To return for a moment to the computer game: there is a danger in farming giant white mice. If somehow the explosively breeding critters escape confinement, they can take over the place - and then there's no getting them under control. The player's only recourse is to find a stairway and retreat to another level of the dungeon that hasn't been overrun with rodents. In the fantasy world of the game, you see, monsters don't follow you up or down stairs; once you've departed a level, everything on that level magically ceases to exist.
Unfortunately, there are no magical staircases in real life. For us, there's no escaping the world we create. Once you've cultivated a world full of enemies - or poisoned the rivers, or melted the polar ice caps, or wrecked the economy, or abolished civil liberties - you have to live with the consequences. We Americans, and the whole world, will have to live a long time with the consequences of the Bush League's folly.
Asking Gold and the War on Fiction posted by Vynce at 11:46 PM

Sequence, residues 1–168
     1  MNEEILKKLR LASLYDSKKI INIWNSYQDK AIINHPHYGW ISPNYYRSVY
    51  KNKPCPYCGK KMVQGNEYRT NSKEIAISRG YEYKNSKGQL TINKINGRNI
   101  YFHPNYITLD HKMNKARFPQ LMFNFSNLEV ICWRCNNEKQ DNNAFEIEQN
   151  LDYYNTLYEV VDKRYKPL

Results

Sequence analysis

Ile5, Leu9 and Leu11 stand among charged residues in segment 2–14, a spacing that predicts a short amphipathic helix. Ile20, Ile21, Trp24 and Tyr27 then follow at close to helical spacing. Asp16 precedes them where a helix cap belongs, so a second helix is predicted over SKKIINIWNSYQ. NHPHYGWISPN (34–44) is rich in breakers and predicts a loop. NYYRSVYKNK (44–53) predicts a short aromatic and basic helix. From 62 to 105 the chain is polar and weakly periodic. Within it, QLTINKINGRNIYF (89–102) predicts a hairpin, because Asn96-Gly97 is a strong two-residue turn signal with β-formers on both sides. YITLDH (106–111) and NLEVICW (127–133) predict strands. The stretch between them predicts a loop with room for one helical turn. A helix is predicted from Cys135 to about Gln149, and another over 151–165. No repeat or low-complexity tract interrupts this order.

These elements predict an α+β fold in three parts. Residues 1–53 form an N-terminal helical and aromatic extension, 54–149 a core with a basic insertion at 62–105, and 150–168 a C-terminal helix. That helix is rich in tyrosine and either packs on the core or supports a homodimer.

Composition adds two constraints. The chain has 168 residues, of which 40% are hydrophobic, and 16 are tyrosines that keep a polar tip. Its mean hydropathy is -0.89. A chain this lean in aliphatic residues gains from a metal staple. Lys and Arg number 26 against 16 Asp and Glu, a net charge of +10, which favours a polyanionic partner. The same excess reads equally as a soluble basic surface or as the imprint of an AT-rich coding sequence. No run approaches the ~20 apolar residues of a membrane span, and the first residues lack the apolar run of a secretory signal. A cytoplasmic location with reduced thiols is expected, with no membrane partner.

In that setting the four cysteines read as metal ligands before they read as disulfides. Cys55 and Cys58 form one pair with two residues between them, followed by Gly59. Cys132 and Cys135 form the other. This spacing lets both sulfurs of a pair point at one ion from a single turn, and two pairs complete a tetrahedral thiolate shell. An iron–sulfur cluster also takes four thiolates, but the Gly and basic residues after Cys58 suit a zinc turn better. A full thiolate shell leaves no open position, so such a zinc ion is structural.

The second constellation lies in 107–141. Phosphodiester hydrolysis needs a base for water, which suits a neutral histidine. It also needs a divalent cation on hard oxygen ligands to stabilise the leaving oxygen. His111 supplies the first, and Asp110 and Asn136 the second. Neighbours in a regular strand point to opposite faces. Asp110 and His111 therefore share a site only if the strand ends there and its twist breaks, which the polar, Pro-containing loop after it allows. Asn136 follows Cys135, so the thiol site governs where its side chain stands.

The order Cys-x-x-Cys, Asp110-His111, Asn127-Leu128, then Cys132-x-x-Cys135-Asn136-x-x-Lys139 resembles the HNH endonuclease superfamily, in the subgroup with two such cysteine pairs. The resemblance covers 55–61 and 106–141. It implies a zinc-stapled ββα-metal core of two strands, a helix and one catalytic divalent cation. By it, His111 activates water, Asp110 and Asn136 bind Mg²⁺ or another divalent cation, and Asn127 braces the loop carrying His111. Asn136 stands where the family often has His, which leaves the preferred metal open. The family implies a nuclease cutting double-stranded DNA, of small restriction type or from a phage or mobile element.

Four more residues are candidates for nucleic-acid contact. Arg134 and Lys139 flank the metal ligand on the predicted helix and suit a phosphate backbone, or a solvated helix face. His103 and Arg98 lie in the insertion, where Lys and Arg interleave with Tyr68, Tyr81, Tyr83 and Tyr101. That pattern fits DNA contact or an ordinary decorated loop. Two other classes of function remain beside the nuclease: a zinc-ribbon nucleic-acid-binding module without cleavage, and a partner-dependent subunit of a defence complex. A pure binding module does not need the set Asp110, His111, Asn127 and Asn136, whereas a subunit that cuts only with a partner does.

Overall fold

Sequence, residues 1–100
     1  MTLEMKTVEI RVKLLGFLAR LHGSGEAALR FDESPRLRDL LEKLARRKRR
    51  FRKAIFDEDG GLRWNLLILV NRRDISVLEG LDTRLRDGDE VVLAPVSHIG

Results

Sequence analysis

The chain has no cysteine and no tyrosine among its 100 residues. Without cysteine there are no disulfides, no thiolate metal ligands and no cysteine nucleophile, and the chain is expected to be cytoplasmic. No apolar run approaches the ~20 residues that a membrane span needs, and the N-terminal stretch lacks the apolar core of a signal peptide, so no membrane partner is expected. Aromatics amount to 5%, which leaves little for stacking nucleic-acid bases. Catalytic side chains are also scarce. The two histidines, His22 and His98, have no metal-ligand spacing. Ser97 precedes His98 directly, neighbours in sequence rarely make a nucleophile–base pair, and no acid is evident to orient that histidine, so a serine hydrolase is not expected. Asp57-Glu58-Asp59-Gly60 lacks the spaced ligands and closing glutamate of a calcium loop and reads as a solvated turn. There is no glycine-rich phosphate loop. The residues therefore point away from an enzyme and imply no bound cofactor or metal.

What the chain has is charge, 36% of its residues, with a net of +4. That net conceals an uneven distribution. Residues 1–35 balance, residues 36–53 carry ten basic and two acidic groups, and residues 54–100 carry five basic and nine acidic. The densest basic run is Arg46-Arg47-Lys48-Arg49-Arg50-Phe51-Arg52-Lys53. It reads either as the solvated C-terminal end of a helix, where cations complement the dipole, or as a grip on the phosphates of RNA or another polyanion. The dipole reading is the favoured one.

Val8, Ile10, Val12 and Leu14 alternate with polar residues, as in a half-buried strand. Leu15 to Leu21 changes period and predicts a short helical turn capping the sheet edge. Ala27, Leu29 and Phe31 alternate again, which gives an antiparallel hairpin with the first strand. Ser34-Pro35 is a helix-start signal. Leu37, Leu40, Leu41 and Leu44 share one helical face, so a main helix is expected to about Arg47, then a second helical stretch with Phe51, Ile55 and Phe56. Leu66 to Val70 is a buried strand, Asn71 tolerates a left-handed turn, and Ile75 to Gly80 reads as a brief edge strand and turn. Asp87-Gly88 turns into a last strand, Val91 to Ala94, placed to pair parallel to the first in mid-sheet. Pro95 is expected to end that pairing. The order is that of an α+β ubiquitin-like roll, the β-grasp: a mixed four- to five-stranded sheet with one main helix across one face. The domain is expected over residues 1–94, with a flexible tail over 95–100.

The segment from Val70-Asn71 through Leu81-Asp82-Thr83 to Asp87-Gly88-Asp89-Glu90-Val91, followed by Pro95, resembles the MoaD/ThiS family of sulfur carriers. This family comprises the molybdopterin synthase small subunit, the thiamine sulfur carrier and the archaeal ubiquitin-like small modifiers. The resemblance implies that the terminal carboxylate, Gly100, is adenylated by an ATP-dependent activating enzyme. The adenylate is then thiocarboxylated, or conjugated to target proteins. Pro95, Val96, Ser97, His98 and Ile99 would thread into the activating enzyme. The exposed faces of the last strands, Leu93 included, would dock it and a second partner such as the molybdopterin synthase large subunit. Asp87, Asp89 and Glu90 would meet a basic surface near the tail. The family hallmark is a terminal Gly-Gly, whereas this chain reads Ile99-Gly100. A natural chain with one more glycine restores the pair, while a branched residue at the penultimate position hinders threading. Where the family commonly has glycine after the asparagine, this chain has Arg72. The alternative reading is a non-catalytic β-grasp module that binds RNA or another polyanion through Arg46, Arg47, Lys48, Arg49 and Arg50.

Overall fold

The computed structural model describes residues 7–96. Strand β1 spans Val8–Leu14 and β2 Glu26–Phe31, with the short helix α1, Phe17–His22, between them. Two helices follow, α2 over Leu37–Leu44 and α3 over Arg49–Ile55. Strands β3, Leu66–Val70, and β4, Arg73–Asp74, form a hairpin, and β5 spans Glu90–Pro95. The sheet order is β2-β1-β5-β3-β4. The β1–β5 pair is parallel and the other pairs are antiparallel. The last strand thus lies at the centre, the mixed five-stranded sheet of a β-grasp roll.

Now, I'm no huge fan of Arlen Specter, but I think he's on the right track here:
You think you're right, but there are a lot of people who think you're wrong. As a matter of public confidence, why not take it to the . . . court? What do you have to lose if you're right?
As far as I'm concerned, that's one of the Golden Questions of politics, and it's exactly what the public needs to hear asked. "If you're so sure, what are you afraid of?" It's a sensible solution to a common problem in politics -- spinsters claiming that there's no reason to investigate, they're certain of the outcome. (It's worth distinguishing this question from its twisted cousin, the accusation that "If you're so concerned about your privacy, you must have something to hide.") Anyway, I applaud the Republican of PA for asking this question, and I hope the public hears it.
Arlen doesn't stop there, though -- he also wants to talk to Ashcroft. Why? Apparently John Ashcroft had concerns about the legality of this program. Hm. Maybe it's not as clear cut as AG AG says.
So Senator Specter, keep grilling Gonzales. Though I do wish you'd ask yourself that same Golden Question about putting him under oath: if he's willing to do it, why not ask it of him? You lose nothing by putting him a little more firmly on the record.